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The historic Northern California storm brought Yosemite's waterfalls back to life

Sunday was the wettest October day in downtown San Francisco since records began, as the deluge dropped over 4 inches of rain on the city. In the North Bay, Mount Tamalpais got soaked with a staggering 16.55 inches. The "bomb cyclone" aka "atmospheric river" aka mega-drought-crusher drenched the Bay Area, but also brought life to the parched waterfalls of Yosemite and snow to the Sierra, resulting in some stunning imagery.

This footage shared on Twitter by user TerraNovaSierra shows the water crashing down again at the iconic 2,425-foot waterfall in Yosemite Valley.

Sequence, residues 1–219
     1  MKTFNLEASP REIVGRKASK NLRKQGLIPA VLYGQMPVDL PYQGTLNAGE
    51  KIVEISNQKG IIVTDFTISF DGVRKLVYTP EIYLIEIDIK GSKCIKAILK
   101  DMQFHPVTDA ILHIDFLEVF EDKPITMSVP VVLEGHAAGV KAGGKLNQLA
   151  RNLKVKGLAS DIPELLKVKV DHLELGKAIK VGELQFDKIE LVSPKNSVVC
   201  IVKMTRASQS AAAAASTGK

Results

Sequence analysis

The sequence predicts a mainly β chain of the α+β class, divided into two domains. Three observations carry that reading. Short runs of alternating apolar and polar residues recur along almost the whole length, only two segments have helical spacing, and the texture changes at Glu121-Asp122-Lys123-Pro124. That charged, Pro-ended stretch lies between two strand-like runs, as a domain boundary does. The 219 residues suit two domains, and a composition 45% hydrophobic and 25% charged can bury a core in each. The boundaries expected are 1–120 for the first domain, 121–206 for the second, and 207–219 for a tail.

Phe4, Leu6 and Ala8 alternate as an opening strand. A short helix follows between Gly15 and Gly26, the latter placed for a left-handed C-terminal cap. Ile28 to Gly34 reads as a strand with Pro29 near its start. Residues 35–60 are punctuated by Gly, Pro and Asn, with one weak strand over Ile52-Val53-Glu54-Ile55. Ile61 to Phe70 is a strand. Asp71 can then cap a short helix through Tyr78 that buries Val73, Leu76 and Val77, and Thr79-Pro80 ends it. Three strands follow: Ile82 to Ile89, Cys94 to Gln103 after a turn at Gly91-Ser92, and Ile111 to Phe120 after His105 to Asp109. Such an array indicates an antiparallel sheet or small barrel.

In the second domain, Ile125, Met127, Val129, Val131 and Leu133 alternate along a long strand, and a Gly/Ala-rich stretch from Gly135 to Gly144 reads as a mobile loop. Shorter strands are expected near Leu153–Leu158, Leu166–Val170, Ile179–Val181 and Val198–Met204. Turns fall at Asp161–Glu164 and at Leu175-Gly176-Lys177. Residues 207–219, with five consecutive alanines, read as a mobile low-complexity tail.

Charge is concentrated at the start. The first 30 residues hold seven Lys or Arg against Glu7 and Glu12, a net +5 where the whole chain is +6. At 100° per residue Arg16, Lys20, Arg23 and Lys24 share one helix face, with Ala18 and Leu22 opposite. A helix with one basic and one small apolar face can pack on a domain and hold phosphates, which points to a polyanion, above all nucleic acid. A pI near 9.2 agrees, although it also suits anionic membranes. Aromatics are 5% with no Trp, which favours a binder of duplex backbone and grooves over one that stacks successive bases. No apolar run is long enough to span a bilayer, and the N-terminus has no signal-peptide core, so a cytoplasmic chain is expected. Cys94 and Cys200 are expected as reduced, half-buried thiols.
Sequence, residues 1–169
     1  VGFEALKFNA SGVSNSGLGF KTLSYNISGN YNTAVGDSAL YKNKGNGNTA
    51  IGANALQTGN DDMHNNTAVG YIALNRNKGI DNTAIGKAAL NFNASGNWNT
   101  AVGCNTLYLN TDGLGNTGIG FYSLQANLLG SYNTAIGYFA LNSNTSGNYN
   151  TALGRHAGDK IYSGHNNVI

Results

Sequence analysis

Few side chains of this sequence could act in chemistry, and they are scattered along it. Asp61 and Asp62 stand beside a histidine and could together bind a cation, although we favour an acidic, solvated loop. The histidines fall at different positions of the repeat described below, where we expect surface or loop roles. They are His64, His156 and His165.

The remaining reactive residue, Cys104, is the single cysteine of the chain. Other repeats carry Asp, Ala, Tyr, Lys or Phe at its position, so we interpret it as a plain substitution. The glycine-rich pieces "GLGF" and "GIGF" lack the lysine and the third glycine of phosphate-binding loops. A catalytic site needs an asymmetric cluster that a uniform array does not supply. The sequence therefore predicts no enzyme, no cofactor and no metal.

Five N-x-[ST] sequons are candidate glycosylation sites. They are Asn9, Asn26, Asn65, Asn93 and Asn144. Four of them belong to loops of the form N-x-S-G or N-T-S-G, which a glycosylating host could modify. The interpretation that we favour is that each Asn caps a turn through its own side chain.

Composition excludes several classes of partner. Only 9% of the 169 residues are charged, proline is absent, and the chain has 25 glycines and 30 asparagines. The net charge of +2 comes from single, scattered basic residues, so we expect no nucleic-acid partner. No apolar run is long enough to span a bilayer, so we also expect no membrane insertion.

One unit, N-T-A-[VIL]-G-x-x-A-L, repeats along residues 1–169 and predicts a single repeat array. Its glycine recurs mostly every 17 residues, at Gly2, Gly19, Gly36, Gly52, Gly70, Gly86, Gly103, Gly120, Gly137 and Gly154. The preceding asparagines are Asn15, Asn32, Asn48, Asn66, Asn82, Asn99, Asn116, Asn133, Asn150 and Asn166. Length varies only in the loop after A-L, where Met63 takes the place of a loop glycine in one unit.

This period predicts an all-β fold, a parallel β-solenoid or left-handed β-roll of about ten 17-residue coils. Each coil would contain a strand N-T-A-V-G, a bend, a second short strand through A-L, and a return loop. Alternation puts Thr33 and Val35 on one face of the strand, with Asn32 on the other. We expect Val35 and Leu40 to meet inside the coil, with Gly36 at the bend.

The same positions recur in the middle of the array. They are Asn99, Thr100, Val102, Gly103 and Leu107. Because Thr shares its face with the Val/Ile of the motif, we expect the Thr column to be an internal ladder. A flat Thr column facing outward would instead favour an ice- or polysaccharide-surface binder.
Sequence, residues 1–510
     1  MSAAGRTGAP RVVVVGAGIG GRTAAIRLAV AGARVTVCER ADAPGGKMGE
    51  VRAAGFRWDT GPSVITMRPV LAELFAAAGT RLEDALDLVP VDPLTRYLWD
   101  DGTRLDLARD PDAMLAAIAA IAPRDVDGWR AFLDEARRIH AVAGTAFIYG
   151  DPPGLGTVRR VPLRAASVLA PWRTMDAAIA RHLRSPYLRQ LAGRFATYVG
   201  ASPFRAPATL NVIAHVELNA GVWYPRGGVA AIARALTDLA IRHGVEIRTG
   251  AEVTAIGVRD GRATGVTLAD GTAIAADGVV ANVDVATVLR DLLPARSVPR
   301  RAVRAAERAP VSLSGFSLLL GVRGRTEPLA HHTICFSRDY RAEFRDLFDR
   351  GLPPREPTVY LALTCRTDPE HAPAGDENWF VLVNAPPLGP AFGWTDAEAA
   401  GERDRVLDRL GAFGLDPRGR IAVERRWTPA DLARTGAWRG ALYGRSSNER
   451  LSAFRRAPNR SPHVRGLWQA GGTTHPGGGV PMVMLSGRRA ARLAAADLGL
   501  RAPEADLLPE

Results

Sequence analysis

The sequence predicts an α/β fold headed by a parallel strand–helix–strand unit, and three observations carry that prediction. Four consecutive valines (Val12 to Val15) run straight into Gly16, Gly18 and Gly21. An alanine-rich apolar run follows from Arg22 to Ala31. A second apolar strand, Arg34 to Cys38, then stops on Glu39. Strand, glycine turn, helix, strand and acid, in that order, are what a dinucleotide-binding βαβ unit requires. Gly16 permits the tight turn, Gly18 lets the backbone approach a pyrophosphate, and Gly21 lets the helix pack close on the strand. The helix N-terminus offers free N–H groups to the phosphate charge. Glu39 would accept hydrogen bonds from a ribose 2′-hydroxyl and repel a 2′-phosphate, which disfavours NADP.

Around 7 inches of rain fell across Yosemite National Park over Sunday and Monday.

The snow gave Half Dome an early full winter coat, leaving it crisp and white as the blue skies returned after the heavy snowfall on Sunday and Monday.

Elsewhere in the Sierra, the storm dropped a whopping 29 inches of snow on the Donner Pass, snarling up traffic and closing schools.

The effect of the storm on the state can most dramatically be seen from the skies. This tweet from the National Weather Service shows the contrast from two satellites. "What a difference an AR makes," the agency wrote, referring to the atmospheric river.

Beyond bringing the valley's waterfalls back to life and snow to the peaks, 100 miles north the storm also raised Lake Tahoe's water level back above its natural rim, after a long, dry summer.

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